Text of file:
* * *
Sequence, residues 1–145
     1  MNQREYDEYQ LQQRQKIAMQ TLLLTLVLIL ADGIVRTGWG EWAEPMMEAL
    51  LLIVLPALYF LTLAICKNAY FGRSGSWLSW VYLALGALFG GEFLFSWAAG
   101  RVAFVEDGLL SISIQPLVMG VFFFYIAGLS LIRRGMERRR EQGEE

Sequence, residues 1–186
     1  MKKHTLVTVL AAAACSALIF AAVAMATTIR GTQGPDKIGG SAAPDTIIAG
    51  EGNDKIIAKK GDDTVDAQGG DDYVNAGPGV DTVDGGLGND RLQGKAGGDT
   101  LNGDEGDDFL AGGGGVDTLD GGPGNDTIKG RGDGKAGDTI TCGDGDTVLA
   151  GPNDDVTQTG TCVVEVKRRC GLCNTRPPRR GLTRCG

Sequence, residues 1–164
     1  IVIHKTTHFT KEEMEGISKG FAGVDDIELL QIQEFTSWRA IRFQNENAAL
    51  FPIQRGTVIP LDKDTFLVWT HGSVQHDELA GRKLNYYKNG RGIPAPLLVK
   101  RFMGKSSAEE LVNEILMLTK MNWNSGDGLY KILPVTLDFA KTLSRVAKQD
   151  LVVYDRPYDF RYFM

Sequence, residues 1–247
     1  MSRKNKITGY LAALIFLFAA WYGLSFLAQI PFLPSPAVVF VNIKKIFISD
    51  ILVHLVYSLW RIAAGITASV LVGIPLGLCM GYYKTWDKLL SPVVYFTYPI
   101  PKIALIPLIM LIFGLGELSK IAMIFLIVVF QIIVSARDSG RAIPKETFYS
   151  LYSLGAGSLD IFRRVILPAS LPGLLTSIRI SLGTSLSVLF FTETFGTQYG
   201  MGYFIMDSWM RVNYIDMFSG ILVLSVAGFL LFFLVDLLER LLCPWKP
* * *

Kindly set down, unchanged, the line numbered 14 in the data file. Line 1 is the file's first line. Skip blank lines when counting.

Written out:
   151  LVVYDRPYDF RYFM